I recently blogged about my first article ever published; this post is about my second article. But don’t worry, this isn’t going to turn into a series—I have no idea what my third article was or where it was published.
Although I promised myself I’d never ever write again after my first agonizing piece, once I saw my work in print, I quickly forgot the painful birthing experience. A few short weeks later, I was again writing.
At the time, computers were emerging as accessible, viable tools. I took a computer class to learn Fortran. (A few years later, I worked briefly as a programmer using polyForth, but I digress.)
Without going into boring detail, I ended up using the College’s computer lab to write a program to do some number crunching to track down a radio station interference problem at work; it was an intense program. This was in the days of mainframes; the computer lab assistant observed my program sucking up all the computer resources allocated to me—so he gave me more! Still it took a couple hours to run.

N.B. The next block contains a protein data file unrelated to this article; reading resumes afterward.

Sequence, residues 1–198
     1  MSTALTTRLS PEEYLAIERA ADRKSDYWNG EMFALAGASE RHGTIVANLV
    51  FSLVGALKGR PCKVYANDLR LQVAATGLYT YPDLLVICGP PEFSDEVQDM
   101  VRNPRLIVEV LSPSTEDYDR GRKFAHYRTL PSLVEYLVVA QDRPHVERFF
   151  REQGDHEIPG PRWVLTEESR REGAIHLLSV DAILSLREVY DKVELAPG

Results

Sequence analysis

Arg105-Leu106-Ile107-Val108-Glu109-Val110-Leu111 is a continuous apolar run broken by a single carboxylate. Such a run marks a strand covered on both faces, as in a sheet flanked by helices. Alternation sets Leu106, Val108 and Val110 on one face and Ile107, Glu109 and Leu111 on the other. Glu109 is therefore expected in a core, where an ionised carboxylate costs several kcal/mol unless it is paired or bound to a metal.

Eventually, I wrote an article about it called, “Computers Track Down Intermodulation Interference,” published in Mobile Radio Technology magazine. The editors even sent a photographer to snap some pictures. Here is the photo they used (circa 1983). This was all heady stuff for a wet-behind-the-ears techno-geek.
By the way, in case you’re wondering, the program worked great, but the reams of output brought us no closer to figuring out the cause of the interference.
At least I got an article out of it.
What’s a memory about something you wrote?
Peter Lyle DeHaan, PhD, is an author, blogger, and publisher with over 30 years of writing and publishing experience. Check out his book The Successful Author for insider tips and insights.